K. F. Jones
Amazon Breakthrough Novel Award (sponsored by Publishers Weekly and Penguin) semifinalist K. F. Jones is a former teacher. He taught students with learning disabilities the thrill of discovery through history and literature. Born in Louisiana, the author now lives in North Carolina.
In researching the life and times of Denmark Vesey, many sources brought the work to fruition. A partial list of historical novels that entertained and enlightened me includes "The Known World" by Edward P. Jones, "The Confessions of Nat Turner" by William Styron, "Island Beneath the Sea" by Isabel Allende, "The Whiskey Rebels" by David Liss, "Sacred Hunger" by Barry Unsworth, "Pirate Latitudes" by Michael Crichton, "Someone Knows My Name" by Lawrence Hill, "Master and Commander" by Patrick O'Brian, "The Fort" by Bernard Cornwell and "The Eden Hunter" by Skip Horack.
A partial list of non-fiction that intrigued and informed me includes "The First Salute" by Barbara W. Tuchman, "Empire of Liberty" by Gordon S. Wood, "Washington" by Ron Chernow, "Benjamin Franklin: An American Life" by Walter Isaacson, "American Creation: The Triumphs and Tragedies at the Founding of the Republic" by Joseph J. Ellis, "The Classic Slave Narratives" by Henry Louis Gates, Jr., "Saltwater Slavery" by Stephanie E. Smallwood, "The Slave Ship: A Human History" by Marcus Rediker, "Denmark Vesey: The Buried Story of America's Largest Slave Rebellion and the Man Who Led It" by David Robertson, "He Shall Go Out Free: The Lives of Denmark Vesey" by Douglas R. Egerton, "Slaves in the Family" by Edward Ball, "Southern Campaigns of the American Revolution" by Dan L. Morrill, "1776" by David McCullough, "The Emergence of a National Economy 1775-1815" by Curtis P. Nettels, "Sons of Providence: The Brown Brothers, The Slave Trade, and The American Revolution" by Charles Rappleye and "The Exchange Artist" by Jane Kamensky.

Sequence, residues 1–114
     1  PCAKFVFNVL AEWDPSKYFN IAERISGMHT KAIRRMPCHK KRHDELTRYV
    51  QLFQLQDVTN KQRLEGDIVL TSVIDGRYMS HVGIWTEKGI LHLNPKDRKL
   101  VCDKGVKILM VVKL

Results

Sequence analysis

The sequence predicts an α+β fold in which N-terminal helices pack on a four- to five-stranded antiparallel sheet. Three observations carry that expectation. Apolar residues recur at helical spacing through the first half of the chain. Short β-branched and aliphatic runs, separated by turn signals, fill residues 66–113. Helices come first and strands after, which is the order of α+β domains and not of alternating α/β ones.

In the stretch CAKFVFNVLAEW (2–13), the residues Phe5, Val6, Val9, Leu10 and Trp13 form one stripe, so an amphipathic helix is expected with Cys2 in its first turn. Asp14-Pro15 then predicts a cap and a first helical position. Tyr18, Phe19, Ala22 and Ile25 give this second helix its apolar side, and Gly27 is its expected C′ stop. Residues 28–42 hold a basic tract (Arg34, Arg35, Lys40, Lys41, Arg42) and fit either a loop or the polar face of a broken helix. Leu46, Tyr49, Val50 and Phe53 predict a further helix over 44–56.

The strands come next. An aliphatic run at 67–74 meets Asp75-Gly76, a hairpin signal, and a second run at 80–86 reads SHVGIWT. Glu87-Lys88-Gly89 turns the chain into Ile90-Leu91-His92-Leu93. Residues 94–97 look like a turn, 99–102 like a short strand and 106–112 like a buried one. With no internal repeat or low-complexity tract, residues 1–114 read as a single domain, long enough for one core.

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Where to buy in print
Due Unto: Denmark Vesey's Story
by K. F. Jones
Due Unto by K. F. Jones, Amazon Breakthrough Novel Award semifinalist.
In 1799, Denmark wins the East Bay Lottery. With the money he buys his freedom and more. When everything he holds dear is threatened Denmark must ultimately answer the question, to what extremes will he go to protect his family, his life? --- What would you do?
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